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A now classic text on the art, "Why People Photograph" gathers a selection of essays by the great master photographer Robert Adams, tackling such diverse subjects as collectors, humor, teaching, money and dogs. Adams also writes brilliantly on Edward Weston, Paul Strand, Laura Gilpin, Judith Joy Ross, Susan Meiselas, Michael Schmidt, Ansel Adams, Dorothea Lange and EugeneA now classic text on the art, "Why People Photograph" gathers a selection of essays by the great master photographer Robert Adams, tackling such diverse subjects as collectors, humor, teaching, money and dogs. Adams also writes brilliantly on Edward Weston, Paul Strand, Laura Gilpin, Judith Joy Ross, Susan Meiselas, Michael Schmidt, Ansel Adams, Dorothea Lange and Eugene Atget. The book closes with two essays on "working conditions" in the nineteenth- and twentieth-century American West, and the essay "Two Landscapes." Adams writes: "At our best and most fortunate we make pictures because of what stands in front of the camera, to honor what is greater and more interesting than we are."...

Title : Why People Photograph
Author :
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ISBN : 9780893816032
Format Type : Paperback
Number of Pages : 190 Pages
Status : Available For Download
Last checked : 21 Minutes ago!

Why People Photograph Reviews

  • Tifany
    2019-04-15 22:39

    I've already talked about Adams in my previous review, but it's hard to get a sense of what makes him so special without reading him. So here's a few samples:"At our best and most fortunate we make pictures because of what stands in front of the camera, to honor what is greater and more interesting than we are. We never accomplish this perfectly, though in return we are given something perfect--a sense of inclusion. Our subject thus redefines us, and is part of the biography by which we want to be known.""Art does not deny that evil is real, but it places evil in a context that implies an affirmation; the structure of the picture, which is a metaphor for the structure of the Creation, suggests that evil is not final.""There will come a time when we stop naming places for lake shores that aren't there, and attaching to names eastern suffixes like 'glen' and 'green'. And if we call them by names that are accurate, we may ultimately find it easier to live in them.""Finally, there is the joy to be found in a landscape experienced with family and friends. There are days that become, in the urgent and hushed sharing of a wonderful place with someone else, as much as I expect to know of the world for which I dream. To hear one's name, and the invitation, spoken with the assurance you will together see the same gift--'Look'."And, from Beauty in Photography:"Our discouragement in the presence of beauty results, surely, from the way we have damaged the country, from what appears to be our inability now to stop, and from the fact that few of us can any longer hope to own a piece of undisturbed land. Which is to say that what bothers us about primordial beauty is that it is no longer characteristic.""If, as a personal matter, I have chosen not to make color pictures, it is because I have remembered how hard it is to write good free verse, with which color photography has some similarities, both being close to what occurs naturally."Well, enough said--or rather, quoted.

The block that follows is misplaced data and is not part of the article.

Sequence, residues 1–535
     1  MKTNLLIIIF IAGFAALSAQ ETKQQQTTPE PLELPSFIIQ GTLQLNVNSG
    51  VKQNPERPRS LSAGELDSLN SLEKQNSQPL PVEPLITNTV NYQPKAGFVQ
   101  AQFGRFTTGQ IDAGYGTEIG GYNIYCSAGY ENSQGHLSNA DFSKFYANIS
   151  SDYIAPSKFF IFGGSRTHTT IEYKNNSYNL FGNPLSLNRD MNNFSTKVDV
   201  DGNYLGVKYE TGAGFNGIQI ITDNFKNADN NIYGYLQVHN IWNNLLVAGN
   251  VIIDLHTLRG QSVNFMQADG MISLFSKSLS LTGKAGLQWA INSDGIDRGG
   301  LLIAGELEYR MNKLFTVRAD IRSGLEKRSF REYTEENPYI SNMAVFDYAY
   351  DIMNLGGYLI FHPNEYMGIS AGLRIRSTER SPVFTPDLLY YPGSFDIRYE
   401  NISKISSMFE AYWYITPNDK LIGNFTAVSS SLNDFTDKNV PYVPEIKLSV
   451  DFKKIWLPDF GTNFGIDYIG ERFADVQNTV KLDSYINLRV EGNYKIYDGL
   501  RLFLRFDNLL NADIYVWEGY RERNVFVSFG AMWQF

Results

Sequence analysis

• Abdulrahman
    2019-04-15 03:15